I found a new example of circuit bending grade electronics engineering in my postbox: the XH-M188. It's advertised as "XH-M188 numerical control voltage regulation module" and it's rated "0-12V 1.5A 18W", and last time I checked there was exactly nothing on Google about this cheap board. Now there is ;-)
As expected the board has a STM8S003F3 µC - there was no way to know that for sure, but call it gut-feeling ;-). The
PD1/SWIM on the ICP interface is free, but all other GPIOs are all used for either 7S-LED, keys, or the "numerical control" (and one seems to be unconnected).
I did a quick check. Here are the fun facts:
- the "numerical control" is just a 4.5 kHz PWM signal with duty cycle setting through "+" and "-" key
- the control part is indeed analog (LM358 with a TIP142)
- the display value represents "duty cycle * X". There is no feedback whatsoever.
- the output voltage can be adjusted with the help of a trimmer potentiometer
- the LED multiplex clock is about 16xPWM cycles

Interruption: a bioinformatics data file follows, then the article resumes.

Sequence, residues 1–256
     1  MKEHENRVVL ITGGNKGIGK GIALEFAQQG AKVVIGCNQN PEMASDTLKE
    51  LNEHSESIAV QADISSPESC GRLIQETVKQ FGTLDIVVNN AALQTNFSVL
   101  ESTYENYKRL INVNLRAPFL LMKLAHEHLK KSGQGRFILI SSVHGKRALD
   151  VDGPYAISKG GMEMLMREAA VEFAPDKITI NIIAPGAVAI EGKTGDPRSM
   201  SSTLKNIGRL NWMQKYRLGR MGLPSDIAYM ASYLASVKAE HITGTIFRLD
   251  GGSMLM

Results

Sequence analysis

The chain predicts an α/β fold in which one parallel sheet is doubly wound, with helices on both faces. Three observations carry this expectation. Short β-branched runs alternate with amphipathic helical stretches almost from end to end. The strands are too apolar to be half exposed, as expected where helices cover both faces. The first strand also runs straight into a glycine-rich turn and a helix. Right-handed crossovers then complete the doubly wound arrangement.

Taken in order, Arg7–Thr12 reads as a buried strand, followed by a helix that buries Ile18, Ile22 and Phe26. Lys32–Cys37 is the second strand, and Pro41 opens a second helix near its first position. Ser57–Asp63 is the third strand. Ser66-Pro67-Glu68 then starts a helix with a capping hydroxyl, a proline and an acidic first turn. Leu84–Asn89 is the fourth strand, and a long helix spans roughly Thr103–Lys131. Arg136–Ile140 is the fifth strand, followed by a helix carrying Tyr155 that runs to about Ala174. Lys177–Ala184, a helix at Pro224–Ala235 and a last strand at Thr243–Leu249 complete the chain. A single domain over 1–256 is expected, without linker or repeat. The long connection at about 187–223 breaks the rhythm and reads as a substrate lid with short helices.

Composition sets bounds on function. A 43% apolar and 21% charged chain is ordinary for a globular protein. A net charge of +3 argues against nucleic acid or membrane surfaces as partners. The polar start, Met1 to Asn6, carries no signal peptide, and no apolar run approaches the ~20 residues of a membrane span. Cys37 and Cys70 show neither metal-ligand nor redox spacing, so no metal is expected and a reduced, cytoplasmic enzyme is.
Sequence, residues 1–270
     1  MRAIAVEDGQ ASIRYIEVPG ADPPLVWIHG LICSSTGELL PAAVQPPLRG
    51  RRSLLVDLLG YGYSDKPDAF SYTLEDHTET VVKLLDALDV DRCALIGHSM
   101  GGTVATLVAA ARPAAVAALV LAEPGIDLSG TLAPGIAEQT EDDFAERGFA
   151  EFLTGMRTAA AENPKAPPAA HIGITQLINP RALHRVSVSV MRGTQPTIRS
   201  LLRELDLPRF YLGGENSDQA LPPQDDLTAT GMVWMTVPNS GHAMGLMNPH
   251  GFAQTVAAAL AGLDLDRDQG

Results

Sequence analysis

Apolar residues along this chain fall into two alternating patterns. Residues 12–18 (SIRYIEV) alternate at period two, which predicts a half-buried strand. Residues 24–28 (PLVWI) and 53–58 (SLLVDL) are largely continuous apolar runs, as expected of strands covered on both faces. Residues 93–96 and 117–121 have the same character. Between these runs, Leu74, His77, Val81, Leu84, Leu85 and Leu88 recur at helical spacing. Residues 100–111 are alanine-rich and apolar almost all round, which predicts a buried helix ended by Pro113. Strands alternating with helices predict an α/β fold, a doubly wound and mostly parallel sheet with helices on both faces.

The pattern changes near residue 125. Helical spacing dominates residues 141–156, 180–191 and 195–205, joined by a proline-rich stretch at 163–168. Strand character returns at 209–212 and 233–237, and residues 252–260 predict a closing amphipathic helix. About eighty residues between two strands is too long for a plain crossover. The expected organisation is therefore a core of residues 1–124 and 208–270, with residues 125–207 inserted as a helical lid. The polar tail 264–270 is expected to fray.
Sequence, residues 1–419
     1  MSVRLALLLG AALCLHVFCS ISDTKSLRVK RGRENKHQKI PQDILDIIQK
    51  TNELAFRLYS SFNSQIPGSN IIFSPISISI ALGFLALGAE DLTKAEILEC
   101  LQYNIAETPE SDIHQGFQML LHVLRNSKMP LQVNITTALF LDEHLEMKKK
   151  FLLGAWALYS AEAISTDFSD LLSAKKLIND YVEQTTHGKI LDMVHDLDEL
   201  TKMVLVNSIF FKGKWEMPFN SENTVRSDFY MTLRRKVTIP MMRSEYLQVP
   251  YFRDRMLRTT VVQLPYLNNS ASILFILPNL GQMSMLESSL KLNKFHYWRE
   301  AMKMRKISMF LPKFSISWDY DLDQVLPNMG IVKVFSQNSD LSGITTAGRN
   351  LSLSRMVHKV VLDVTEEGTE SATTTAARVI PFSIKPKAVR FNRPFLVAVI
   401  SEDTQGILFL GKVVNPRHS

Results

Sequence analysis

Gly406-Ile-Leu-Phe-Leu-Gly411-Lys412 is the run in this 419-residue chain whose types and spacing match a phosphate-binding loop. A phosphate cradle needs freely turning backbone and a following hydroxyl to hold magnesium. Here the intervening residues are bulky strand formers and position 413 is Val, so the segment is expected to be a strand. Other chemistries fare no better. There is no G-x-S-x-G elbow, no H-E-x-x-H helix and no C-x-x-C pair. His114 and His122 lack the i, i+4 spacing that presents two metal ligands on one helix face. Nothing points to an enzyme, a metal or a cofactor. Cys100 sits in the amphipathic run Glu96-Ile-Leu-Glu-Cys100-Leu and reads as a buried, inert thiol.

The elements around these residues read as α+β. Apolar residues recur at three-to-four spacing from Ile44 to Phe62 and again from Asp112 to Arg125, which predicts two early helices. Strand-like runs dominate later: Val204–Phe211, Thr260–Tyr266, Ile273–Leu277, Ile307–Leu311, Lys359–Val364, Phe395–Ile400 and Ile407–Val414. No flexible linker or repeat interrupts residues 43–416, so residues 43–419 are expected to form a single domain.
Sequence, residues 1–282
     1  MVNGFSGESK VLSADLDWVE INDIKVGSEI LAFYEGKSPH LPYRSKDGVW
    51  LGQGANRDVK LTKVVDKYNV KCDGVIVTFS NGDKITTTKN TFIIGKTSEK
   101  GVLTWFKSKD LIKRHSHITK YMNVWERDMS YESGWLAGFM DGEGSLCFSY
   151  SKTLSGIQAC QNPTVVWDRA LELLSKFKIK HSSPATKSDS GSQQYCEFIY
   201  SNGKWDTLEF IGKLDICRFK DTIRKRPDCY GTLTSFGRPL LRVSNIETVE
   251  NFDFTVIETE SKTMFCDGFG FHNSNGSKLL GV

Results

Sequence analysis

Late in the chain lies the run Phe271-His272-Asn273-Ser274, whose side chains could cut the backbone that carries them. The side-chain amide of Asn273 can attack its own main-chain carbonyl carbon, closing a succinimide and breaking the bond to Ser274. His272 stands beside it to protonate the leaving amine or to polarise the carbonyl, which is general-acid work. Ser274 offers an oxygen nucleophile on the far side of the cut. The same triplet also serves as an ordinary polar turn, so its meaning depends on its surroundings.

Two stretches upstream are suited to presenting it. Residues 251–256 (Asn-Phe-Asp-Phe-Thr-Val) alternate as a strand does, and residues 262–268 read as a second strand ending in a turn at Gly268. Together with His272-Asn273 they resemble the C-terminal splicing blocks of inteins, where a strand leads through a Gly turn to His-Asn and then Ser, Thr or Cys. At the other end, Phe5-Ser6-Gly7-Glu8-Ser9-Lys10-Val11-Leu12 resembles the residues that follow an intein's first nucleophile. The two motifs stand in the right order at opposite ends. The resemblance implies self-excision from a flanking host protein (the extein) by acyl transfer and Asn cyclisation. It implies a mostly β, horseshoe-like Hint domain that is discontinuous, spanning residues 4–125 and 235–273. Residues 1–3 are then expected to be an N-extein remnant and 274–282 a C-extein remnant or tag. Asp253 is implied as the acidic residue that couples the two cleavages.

Due to a bug in the PMW code, every 16th cycle is only about half. This obviously leads to an analog ripple with about 280 Hz, and more importantly to an offset (which can't be compensated with a trimmer). However, the resulting inaccuracy doesn't really matter since the "voltage reference" is a trusty LM7805.
The maximum output voltage seems to be 11.4 V (at the rated supply voltage of 15 V). The accuracy drops considerable from just below 11V.
All this doesn't mean that the board is good for nothing. At $4.75 it's not exactly an expensive piece of lab equipment for home-brew test automation, and I had planned to write
half-duplex Rx/Tx synchronous bus protocol code for a GPIO with interrupt before ;-)
- a preliminary µC pin connection list is in the project GitHub Wiki
- as expected, the ratio of display value to PWM duty-cycle appears to be constant
- I forgot to mention that the 7S-LED display is socketed. When you remove it 11 GPIO can be used without soldering